Archive for October 2009
According to Russian media (in Russian), Ministry of Home Affairs (whose main agency is police) held tactical maneuvers in Moscow suburbs today. During these maneuvers, SWAT troops were trained to disperse, according to the script, “a group of senior citizens that protested social injustice and blocked a federal highway.” In order to do this, the whole arsenal was used by the police: water cannons, shock grenades, and tear gas. Troops blocked and arrested some of the “senior citizens.”
Minister Rashid Nurgaliev was watching the maneuvers and was apparently satisfied. A lot of civilian journalists couldn’t share his optimism. Even the reports of government TV called the event “very strange.” Here is a report of Vesti news TV channel (one of the most official TV channels owned by the government, in Russian):
Of course, when the scandal broke out, MHA hurried to deny any references to senior people in their maneuvers’ script, the use of water cannons and the very fact of maneuvers; state TV channels removed their news reports from their Web sites. Fortunately, somebody saved the clips and uploaded them to YouTube.
A briefing was held last Thursday in the US Helsinki Commission (officially named the Commission on Security and Cooperation in Europe) dedicated to the use of microblogs and new media to promote freedom in authoritarian countries. A lot was said about Russia, and I’ll just cite Daniel Calingaert of Freedom House, who referred to a few recent examples of how we utilized Web 2.0 to spread information about electoral fraud:
Citizens in the former Soviet Union have used new media to assert their rights and to challenge abuses of power. In Russia, for example, the Internet was the primary means for drawing attention to fraud in this month’s local elections. When observers in the Moscow district of Zyablikovo found a group of individuals hired to vote for United Russia multiple times, they used Twitter and Livejournal blogs to spread the news immediately and to publish photos of the violators.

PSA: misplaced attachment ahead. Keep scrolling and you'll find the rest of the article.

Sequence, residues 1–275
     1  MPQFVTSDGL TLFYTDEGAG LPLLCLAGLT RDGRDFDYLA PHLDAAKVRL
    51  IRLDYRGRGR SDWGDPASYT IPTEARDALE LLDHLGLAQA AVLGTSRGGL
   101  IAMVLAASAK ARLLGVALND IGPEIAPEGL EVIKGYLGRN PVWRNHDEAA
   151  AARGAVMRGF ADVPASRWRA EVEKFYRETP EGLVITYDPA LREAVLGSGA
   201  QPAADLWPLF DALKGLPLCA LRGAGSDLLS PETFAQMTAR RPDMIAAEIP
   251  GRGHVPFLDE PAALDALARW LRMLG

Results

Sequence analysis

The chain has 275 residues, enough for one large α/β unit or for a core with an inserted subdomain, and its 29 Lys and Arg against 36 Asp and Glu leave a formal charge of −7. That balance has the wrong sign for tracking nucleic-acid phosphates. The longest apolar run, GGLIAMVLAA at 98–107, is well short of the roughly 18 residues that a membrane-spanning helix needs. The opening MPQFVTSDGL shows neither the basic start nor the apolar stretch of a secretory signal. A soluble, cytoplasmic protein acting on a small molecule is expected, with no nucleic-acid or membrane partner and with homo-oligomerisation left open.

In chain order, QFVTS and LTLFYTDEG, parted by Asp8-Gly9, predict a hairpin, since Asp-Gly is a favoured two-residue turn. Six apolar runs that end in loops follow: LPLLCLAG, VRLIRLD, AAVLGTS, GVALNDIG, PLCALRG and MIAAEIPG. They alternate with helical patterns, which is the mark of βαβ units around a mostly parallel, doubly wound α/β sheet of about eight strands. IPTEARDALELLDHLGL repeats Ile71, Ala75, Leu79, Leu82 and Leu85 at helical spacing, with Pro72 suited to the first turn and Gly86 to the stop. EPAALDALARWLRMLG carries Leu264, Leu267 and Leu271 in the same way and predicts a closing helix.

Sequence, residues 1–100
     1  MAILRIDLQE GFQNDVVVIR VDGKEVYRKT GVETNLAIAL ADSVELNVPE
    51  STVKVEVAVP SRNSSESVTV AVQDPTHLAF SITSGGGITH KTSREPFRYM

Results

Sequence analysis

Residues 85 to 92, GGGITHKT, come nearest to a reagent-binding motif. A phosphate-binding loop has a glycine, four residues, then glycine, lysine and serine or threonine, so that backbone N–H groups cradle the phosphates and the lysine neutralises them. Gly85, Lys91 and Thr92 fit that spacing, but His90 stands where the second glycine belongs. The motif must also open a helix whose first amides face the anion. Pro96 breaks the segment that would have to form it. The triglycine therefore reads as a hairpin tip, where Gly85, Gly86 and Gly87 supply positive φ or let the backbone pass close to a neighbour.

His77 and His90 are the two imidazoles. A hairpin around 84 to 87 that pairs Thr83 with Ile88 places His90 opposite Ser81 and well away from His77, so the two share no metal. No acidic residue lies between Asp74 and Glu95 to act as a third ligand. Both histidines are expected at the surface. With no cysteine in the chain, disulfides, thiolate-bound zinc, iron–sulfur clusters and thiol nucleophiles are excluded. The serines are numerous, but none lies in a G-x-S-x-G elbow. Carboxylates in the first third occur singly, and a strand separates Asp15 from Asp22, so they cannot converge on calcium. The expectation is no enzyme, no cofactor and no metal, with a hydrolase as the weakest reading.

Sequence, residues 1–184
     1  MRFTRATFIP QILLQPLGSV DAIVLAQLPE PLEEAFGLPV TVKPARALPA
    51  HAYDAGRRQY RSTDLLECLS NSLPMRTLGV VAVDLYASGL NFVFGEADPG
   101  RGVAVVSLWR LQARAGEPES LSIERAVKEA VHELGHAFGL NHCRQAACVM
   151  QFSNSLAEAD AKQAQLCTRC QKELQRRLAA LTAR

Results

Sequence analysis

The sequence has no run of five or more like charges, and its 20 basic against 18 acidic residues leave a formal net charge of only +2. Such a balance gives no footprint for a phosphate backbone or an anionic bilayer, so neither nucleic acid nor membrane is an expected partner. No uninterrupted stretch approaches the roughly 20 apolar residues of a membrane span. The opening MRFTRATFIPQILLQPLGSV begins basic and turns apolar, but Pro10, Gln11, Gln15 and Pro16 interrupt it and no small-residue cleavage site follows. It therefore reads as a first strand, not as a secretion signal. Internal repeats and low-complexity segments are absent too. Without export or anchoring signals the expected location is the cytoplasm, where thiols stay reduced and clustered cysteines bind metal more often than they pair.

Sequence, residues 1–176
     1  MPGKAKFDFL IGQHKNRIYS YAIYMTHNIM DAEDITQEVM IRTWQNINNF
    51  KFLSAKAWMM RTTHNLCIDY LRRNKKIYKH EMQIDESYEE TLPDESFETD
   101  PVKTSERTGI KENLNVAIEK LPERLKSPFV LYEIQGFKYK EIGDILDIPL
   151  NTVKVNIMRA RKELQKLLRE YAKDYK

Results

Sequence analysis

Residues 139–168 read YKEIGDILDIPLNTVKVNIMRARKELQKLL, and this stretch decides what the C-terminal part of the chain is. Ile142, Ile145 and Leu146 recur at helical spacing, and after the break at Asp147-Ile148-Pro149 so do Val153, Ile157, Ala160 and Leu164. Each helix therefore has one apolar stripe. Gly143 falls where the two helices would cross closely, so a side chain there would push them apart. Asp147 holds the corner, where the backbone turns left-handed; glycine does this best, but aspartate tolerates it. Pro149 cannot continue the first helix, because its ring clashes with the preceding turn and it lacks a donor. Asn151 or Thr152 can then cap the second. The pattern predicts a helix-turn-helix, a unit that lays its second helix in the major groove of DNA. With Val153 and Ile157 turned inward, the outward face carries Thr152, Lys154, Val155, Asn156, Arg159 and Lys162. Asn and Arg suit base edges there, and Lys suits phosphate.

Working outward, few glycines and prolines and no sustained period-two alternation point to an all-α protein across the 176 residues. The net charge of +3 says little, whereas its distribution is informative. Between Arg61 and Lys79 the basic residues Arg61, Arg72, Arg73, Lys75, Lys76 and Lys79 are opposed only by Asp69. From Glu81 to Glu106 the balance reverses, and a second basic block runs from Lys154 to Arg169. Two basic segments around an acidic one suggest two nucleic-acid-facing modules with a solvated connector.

A member of that district’s electoral commission, [Andrey Klyukin] gave an online interview to describe in detail the plan behind this fraud. The interview was widely viewed on Russian YouTube and covered by several traditional media outlets. Another group of observers published video footage of a polling-station chairman in the city of Azov as he tried to mix fraudulent ballots which had already been filled in for United Russia with legitimate ballots. This video became a hit in the Russian blogosphere and prompted a criminal investigation of the polling-station chairman. Digital media spread the news of voter fraud in Russia’s local elections and contributed to a real-world response. The news triggered a public demonstration on October 12th
in Moscow’s Pushkin Square and prompted all three opposition parties to walk out of Parliament in protest.
Authoratian governments are aware of the threat that new media pose to them and they use a wide arsenal to silent online criticism, Mr Calingaert continues: